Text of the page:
Don’t Know your Crankshaft from your Jacking points? Read our Expert’s Jargon-Buster (Part 2)
by Ed Scott
According to Toyota, a single car has about 30,000 parts so it’s no wonder the motor trade and industry is littered with confusing terminology and jargon.
We’re trying to put this right in our ‘Ask the expert…’ series – you can find part one here – so here is our second instalment, featuring everything from intercooler to xenon…
If a car has a turbocharger or a supercharger this compresses hot gas before it enters the engine, and intercooler cools this gas, increasing its density and with it, the engine’s power.
While some child seats are fixed in place by seat belts, ISOFIX seats are attached to fixed anchor points within the car.
These are specific points on the underside of a car designed to fit the car’s jack and allow one corner of the car to be lifted clear of the ground. The location can be found in your owner’s manual and be sure to never put the jack anywhere else.
Limited Slip Differential
If a wheel is off the ground or on a slippery surface, a limited slip differential will stop the power being allocated to this wheel and transmit it to wheels that have grip. A standard differential will allocate 100% of the power to the wheel with least resistance – pretty useless if you get stuck in the mud.
Liquid Petroleum Gas (LPG)
A cleaner burning and more environmentally type of vehicle fuel that is a mixture of propane and butane and a bi-product of oil refinement. It delivers around 15% fewer miles-per-gallon (mpg) than diesel or petrol but relaxed UK duty means it’s around half the price.
Simply the number of miles a vehicle can travel per gallon (4.55 litres) of fuel consumed. The higher this figure, the more fuel efficient your car.
Steering that is helped along by electric or hydraulic motors to make turning the wheel and steering the car easier, especially at low speeds.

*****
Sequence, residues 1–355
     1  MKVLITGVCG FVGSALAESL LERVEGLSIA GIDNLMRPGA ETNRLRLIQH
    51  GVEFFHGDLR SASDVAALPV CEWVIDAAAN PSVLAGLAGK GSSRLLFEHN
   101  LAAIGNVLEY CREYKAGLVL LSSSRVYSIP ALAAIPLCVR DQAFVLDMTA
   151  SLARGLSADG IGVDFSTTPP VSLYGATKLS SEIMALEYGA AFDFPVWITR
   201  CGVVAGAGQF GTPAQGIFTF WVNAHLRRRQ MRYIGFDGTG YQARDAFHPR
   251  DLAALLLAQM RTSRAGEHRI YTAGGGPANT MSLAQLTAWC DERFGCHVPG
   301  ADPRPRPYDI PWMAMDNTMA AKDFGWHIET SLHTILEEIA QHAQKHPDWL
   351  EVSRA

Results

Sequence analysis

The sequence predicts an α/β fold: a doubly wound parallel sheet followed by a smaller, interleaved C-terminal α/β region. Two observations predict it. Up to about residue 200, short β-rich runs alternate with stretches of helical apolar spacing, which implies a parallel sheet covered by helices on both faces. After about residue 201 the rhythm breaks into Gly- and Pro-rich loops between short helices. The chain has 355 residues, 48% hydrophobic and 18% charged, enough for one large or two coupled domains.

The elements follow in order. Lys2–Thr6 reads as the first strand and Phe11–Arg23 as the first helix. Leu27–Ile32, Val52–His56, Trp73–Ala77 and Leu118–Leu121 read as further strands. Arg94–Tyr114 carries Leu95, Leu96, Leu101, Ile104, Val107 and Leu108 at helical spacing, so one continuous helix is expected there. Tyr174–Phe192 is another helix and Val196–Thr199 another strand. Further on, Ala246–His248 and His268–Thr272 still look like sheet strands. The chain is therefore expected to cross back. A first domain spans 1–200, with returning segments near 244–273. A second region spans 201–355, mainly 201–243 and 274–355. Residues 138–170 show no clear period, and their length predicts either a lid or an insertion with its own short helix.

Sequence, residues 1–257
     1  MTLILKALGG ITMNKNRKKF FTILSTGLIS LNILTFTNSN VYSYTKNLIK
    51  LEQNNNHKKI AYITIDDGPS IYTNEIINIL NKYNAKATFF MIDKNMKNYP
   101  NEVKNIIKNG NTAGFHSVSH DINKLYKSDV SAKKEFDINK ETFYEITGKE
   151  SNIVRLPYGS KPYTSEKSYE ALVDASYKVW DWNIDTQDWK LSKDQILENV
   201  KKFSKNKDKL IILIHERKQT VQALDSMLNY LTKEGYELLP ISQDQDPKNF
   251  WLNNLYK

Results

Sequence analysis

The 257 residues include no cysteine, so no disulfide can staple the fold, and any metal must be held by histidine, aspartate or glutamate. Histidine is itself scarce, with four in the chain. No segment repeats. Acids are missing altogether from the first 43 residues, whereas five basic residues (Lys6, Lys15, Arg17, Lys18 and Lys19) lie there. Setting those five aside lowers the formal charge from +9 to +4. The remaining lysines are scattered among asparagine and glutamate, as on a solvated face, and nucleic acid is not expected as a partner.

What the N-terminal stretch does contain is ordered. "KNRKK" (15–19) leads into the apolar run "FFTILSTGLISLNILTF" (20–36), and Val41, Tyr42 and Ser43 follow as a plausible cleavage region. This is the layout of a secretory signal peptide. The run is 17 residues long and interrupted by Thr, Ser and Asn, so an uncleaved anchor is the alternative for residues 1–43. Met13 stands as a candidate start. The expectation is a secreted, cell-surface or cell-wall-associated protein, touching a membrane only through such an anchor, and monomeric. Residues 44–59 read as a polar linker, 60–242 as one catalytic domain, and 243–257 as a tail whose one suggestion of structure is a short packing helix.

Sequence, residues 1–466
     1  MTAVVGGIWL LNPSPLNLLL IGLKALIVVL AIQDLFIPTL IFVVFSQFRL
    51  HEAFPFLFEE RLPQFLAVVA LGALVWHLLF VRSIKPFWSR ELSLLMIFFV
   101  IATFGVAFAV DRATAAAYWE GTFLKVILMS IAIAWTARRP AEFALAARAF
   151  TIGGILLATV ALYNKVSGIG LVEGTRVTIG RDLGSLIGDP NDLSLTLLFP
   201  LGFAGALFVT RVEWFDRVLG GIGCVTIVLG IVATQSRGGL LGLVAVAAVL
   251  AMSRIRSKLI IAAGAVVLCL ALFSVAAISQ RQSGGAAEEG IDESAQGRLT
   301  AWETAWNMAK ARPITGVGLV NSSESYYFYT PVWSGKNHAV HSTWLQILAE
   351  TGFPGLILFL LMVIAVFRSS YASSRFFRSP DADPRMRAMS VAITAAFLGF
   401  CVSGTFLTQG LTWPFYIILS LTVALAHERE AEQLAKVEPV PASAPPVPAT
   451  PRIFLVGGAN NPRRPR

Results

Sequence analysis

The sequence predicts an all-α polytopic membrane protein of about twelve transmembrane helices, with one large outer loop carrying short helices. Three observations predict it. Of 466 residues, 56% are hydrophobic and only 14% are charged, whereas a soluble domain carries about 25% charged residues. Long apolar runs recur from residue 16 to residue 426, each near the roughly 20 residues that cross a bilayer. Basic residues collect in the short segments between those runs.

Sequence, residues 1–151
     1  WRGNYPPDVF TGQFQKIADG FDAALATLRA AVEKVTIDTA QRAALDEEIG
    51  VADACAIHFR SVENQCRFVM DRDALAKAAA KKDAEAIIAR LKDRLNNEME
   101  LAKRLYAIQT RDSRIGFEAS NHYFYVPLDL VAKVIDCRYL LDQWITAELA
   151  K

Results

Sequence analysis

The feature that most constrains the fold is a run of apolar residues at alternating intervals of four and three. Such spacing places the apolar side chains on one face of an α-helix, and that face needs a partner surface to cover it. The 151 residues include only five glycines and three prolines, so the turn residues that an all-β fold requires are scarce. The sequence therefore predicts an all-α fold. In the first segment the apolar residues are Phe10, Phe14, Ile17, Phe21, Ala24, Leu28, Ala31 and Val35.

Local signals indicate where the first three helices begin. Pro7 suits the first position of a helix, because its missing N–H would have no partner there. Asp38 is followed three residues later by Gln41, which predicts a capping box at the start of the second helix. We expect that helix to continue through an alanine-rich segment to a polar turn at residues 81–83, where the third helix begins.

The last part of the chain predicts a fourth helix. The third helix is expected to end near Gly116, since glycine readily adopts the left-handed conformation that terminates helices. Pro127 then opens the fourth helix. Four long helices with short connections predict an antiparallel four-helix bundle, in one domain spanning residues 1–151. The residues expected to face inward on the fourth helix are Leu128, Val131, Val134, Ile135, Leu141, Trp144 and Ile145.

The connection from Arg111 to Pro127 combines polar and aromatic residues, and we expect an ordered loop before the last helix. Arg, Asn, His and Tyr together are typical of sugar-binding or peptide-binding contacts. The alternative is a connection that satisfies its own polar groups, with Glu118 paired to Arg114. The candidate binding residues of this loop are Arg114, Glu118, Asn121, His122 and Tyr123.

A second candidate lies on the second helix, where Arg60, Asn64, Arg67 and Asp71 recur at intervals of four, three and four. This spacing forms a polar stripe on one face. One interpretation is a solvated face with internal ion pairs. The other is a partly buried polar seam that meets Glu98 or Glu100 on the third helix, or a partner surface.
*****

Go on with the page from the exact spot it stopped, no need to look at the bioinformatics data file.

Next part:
If a car’s registration plate begins with a Q this means it’s either a kit car, built with a load of off-the-shelf parts, or it wasn’t originally registered in the UK and its year of manufacture wasn’t known when it was registered.
A system used by most electric vehicles that take some of the power created when braking and uses it to help keep the battery charged.
A way to deliver more power by way of a compressor that is mechanically driven by the engine.
A vehicle is attached to its wheels by way of a series of springs, links, dampers and wishbones, all of which combine to give it specific ride and handling characteristics, and determine how it reacts to bumps and uneven roads.
An electronic system that reduces wheel spin by either pumping the brakes or cutting engine power.
This is a basic measure of acceleration as it determines how quickly power can be transferred to the wheels.
This just refers to the type of gearbox a vehicle has, usually manual or automatic although some cars do have semi-automatic gears.
Similar to a supercharger, this delivers more power to the engine by getting more air into the cylinders by compressing it and blowing it in. The air is compressed by a turbine that gets spun by engine exhaust gases.
These open and close around the engine’s combustion chamber to allow the fuel mixture in and the exhaust gases out – think like the valves in heart as blood is pumped around.
This is just the distance between the middle of the front and rear wheels.
High-powered headlight bulbs that have increased intensity and brightness.
Have we missed anything out? Let us know and we’ll get the definition for you…
Now that you’re more knowledgeable about the car industry is it time for an upgrade on your vehicle? Find out how much your car could be worth with our online car valuation calculator.
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